Welcome to Jester's Trek.
I'm your host, Jester. I've been an EVE Online player for about six years. One of my four mains is Ripard Teg, pictured at left. Sadly, I've succumbed to "bittervet" disease, but I'm wandering the New Eden landscape (and from time to time, the MMO landscape) in search of a cure.
You can follow along, if you want...

Friday, April 18, 2014

Picture of the Week: Dem bones!

OK, this just made me laugh:


One of the mid-level ESO quests turns you into a skeleton. And it's not just skin deep, either. While you're a skeleton, you're a lot tougher than average... but healing spells don't work and you don't regenerate health. It's a very clever little twist on the standard Elder Scrolls vampire/werewolf tropes, because you can keep this quest running for as long as you like...

...and while it's out there running, you're still a really tough skeleton that can't be healed and doesn't regenerate health. A few people seem to have taken the game up on this bargain and are playing a bit as a skeleton. And when the quest is over, if you just want to go skin deep with it, the game rewards you with a little token to skeletonize yourself.

And the quest itself also isn't just skin deep. ESO doesn't have a morality system that I've determined, but about 10% of the quests do have moral choices in them and this is one: a village has made a Faustian bargain with one of the Deadric Princes, Clavicus Vile, that turned out really really badly for them.(1)


As the end decision and moral choice of the quest, you can either enforce that bargain forever (blue) or break the bargain and release the village from it -- with potentially even more disastrous consequences for the village (red).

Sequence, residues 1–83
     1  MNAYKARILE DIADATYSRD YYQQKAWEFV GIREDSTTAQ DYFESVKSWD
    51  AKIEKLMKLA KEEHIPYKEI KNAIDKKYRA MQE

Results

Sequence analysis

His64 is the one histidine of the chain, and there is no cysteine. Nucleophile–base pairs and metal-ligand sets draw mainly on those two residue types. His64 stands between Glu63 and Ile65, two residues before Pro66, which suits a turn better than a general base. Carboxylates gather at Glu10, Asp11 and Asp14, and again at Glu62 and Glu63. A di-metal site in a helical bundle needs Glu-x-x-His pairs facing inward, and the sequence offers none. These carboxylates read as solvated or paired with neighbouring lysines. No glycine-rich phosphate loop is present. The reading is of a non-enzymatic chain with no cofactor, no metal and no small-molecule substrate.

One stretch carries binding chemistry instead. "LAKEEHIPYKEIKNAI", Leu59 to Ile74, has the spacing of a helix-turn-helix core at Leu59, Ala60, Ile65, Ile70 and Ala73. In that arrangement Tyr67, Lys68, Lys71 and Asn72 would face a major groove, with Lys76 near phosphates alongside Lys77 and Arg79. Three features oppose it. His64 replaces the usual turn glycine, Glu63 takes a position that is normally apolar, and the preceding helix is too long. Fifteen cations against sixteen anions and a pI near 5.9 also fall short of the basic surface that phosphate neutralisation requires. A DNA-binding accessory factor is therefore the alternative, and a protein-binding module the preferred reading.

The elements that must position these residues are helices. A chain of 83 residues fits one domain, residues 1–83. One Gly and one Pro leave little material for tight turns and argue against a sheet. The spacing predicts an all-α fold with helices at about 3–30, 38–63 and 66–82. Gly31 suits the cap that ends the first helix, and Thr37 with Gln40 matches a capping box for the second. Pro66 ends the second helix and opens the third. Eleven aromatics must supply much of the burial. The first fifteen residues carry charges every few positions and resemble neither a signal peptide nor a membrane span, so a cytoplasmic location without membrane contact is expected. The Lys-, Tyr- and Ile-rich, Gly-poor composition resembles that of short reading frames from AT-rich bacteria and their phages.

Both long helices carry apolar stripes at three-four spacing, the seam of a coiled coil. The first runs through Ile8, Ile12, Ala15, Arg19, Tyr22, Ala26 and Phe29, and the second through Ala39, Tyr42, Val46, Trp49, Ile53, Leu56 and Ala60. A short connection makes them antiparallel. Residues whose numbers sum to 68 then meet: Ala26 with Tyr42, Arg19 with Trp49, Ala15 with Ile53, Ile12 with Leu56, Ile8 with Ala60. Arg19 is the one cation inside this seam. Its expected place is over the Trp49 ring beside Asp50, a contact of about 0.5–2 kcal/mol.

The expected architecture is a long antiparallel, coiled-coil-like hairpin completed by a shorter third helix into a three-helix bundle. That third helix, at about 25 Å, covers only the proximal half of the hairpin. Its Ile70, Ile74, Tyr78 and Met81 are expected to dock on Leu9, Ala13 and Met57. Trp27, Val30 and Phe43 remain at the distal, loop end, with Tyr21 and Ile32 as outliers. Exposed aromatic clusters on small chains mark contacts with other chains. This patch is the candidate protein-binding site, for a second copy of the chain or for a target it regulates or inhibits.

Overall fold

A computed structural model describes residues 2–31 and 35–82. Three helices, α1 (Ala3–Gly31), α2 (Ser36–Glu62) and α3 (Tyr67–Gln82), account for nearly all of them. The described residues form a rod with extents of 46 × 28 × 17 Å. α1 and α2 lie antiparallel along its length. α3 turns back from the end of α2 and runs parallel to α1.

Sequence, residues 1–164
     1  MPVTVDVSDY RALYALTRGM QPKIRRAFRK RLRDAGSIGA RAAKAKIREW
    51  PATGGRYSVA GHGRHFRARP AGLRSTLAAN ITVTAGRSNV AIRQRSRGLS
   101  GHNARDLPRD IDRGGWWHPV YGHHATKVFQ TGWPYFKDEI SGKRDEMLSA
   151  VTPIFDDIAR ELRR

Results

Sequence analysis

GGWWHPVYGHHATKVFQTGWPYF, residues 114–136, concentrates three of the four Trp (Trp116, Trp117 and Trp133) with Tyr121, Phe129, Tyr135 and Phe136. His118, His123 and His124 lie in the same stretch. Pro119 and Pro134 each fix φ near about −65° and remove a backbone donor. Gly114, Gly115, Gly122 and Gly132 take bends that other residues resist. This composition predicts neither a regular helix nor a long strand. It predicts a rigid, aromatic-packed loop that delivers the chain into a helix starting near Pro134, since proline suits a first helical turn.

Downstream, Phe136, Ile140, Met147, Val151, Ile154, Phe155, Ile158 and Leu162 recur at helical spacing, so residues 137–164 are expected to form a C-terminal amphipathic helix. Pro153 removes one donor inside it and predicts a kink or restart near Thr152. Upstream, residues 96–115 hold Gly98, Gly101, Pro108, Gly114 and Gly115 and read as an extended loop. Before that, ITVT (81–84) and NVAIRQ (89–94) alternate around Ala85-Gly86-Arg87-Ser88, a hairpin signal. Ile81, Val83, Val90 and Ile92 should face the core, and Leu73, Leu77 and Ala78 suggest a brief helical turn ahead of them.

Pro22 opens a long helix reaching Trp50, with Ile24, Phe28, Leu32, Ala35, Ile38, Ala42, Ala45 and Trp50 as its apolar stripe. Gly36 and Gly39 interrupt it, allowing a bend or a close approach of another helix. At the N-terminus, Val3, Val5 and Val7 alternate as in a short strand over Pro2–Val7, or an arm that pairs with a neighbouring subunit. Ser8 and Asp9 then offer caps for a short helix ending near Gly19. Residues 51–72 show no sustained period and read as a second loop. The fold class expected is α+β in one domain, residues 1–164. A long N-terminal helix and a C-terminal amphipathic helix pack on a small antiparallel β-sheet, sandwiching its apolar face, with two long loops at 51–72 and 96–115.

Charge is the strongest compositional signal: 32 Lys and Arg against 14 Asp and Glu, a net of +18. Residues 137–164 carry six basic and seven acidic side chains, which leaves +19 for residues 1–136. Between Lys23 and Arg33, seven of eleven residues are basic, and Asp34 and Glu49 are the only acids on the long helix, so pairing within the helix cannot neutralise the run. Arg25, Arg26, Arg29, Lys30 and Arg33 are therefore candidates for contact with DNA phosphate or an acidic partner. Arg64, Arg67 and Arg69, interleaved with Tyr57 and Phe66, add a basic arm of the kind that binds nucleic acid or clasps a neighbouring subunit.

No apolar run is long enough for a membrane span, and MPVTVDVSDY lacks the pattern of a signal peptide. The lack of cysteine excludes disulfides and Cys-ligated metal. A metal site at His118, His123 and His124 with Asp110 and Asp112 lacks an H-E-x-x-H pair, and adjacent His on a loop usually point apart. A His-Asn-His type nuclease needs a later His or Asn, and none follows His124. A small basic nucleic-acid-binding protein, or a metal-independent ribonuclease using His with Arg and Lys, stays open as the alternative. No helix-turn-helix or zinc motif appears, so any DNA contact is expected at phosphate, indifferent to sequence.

This is the sort of really interesting game play choice that I just love in a game.

I couldn't help but sit in this room for about 10 minutes and watch other players pass through, curious as to which choice they'd make. During the period I watched, it was running about 50/50. A few of them reached the room and sat there for a minute, clearly thinking about it, before deciding. You know the quest designer is doin' it right when that happens. Hopefully over time, ESO will develop a reputation system for its NPCs. Or maybe it's there already and I haven't encountered it yet.


(1) Hint: in a previous game, a group of vampires made a bargain with Clavicus Vile asking him to end their vampirism. He sends the player into their lair to kill all of them. Because that ends their vampirism, right? Clavicus Vile could be an EVE player.

15 comments:

  1. And to give that scenario from an Eve perspective, you are the Dev controlled by a null see cartel, deciding on the fate of the bulk of your subscription base, giving them 2 choices: Continue to exist in a "village called high sec" which has been turned into hell, or choose to live under slightly better conditions in a place called sov null sec, where you serve a different set of RMT masters.

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    1. You should see a psychiatrist

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    2. Mr. Piranha, a Mr. Spiny Norman asked for you, calling from Luton Airport...